Tuesday, December 28, 2010

How Much Do You Hear?

When people find out that I'm hard of hearing I often get asked how much I actually can hear. What usually follows is a long, confusing explanation of the nature of my hearing loss.  What makes my hearing loss weird, frustrating, confusing, and sometimes wonderful, is the fact that it is a fluctuating loss.  That means exactly how it sounds.  It changes.  Below I'm going to post some pictures to explain it better.
In addition to an organic hearing loss (what I explained above) I have a central auditory processing disorder (CAPD).  The CAPD basically means that my brain doesn't always know what to do with sound.  Getting it through my ears is only part of the problem.  I might be able to hear an alarm going off, but my brain won't necessarily realize that it is an alarm.  If a sound (music, voice, etc) is coming from one location, I won't likely be able to identify the direction it is coming from. My siblings used to take advantage of this in a rather cruel, but humorous game...we had a portable telephone that they liked to hide.  Then they would push the "find" button on the base to make the handset ring and I would have to located the phone just using my ears.  They enjoyed it and if I was in a good mood, I enjoyed it too, just because I was so bad at it.
In addition to bilateral (that means one for each ear) hearing aids, I rely largely on visual input (lip reading, the written word, sign language, flashing lights), since my brain knows how to process that much better. So if you tell me something on the phone, even though I hear you in the most basic sense of the word, I'm much less likely to know what you said than if you e-mailed me.  Likewise, if I only hear your name, I'm more likely to forget it than if I saw it on a name tag or saw it signed.  If my signal light flashes I'm more likely to realize that it's time to get up and get ready for class than if an alarm clock simply rang.
Now for some pictures.

This is an audiogram...actually it's a composition of two audiograms thanks to the wonderful audiogram creator on this site that let me enter data from two of my audiograms.  The numbers on the vertical axis are numbers that represent loudness.  The bigger the number, the louder the sound.  The numbers on the horizontal axis represent frequency.  I think that has to do with lowness/highness of sounds.  The blue lines and "x" marks are my left ear, the red markings and "o" markings are my right ear.  The two lines on top are from one audiogram (on a relatively good day) and the bottom ones are from an audiogram on a less good day.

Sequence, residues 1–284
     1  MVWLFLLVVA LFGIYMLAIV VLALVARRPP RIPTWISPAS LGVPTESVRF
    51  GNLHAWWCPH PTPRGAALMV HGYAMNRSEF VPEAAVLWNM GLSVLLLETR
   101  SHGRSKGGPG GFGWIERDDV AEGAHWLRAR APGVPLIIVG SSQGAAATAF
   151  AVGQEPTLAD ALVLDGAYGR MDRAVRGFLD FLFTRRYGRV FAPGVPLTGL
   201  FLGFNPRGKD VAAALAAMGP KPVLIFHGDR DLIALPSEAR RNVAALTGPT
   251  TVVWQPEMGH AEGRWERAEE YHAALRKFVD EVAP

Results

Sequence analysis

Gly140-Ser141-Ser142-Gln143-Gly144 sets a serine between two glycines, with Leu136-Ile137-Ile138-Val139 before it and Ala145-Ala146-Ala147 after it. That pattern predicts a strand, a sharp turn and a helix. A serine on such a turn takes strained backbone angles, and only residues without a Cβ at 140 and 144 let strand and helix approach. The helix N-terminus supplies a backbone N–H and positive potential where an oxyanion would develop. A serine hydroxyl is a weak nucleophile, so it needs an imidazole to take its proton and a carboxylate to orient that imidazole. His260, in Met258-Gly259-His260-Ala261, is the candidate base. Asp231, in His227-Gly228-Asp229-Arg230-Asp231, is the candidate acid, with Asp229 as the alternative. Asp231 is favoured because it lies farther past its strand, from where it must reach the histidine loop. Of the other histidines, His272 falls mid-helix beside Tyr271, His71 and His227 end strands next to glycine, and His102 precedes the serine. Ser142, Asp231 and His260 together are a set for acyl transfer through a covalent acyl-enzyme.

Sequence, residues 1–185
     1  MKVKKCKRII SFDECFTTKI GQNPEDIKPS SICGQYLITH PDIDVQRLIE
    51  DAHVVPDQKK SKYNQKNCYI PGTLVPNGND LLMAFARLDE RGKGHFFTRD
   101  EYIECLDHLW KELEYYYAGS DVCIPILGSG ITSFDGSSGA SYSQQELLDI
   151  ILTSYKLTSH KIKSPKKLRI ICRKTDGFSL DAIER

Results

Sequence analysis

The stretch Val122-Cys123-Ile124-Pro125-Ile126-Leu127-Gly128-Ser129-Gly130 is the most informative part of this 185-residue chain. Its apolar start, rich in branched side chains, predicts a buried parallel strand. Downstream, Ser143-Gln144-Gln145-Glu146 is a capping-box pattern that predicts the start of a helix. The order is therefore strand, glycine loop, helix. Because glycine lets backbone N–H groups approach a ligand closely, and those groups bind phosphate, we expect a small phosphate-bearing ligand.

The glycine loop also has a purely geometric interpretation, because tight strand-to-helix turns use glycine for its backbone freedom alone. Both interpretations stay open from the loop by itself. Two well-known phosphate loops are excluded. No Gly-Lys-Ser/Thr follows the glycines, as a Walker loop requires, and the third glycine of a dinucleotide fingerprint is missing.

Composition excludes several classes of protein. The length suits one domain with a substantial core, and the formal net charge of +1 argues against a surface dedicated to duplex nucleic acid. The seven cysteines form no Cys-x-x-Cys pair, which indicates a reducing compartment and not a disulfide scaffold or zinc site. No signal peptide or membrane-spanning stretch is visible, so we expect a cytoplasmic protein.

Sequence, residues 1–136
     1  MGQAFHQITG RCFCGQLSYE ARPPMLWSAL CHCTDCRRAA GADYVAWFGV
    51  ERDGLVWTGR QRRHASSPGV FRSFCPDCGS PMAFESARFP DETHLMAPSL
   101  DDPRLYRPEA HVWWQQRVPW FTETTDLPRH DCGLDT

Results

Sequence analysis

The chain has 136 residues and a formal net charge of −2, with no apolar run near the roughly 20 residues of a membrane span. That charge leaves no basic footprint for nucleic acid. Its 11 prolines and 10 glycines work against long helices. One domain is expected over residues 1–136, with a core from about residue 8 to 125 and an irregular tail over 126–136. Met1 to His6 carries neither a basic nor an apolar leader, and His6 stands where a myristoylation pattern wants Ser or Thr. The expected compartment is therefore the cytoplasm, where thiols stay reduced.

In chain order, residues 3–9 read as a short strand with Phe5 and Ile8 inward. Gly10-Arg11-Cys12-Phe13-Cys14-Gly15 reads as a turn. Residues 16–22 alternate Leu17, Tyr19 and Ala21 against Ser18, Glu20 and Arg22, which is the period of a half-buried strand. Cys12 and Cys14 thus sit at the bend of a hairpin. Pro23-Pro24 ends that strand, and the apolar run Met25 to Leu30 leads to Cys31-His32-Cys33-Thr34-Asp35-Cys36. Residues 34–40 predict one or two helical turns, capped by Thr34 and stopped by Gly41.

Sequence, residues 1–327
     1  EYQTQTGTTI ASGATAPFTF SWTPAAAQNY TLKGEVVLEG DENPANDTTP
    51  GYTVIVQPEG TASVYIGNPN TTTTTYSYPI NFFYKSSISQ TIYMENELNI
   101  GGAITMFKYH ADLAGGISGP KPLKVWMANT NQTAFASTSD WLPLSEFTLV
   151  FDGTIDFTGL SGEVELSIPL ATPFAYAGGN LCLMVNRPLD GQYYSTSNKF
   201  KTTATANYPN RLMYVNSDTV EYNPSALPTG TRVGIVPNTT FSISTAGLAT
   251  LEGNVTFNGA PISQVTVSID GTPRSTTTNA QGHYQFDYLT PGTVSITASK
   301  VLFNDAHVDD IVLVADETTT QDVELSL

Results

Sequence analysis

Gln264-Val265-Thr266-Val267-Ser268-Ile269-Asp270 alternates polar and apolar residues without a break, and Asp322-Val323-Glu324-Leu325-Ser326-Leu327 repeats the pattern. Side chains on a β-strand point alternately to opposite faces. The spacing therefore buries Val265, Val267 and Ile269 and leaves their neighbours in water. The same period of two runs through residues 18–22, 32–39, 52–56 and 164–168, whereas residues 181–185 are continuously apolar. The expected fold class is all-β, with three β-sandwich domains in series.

This is another version of the same two audiograms as above, but this time with pictures.  The template was found on this site. Anything that is above the red and blue lines is sounds that I am not likely to hear without my hearing aids in.  My aids are set mostly in relation to better days (the top set of lines) since I have more better days than bad days (at least as far as we can tell without doing audiograms daily), so on a less good day (the bottom lines), even with my aids in I'm not going to get much better than the top set of lines.  This means, that on a less good day, even with my aids in, I'm likely to have trouble with hearing conversations or lectures. 
These are my hearing aids.  The clear one goes in my right ear and the other one goes in my left ear.  On better days they bring my hearing almost to a normal level, but they can't do anything for the CAPD, so even with them in I tend to rely largely on visual input for comprehension.
I also just got fitted swim plugs to keep the water out of my ears when I swim.  Because my ear canals are funny shaped, water would get in and get stuck in there and I'd get ear infections almost every week.  Now that I have these I shouldn't get near as many ear infections. :)

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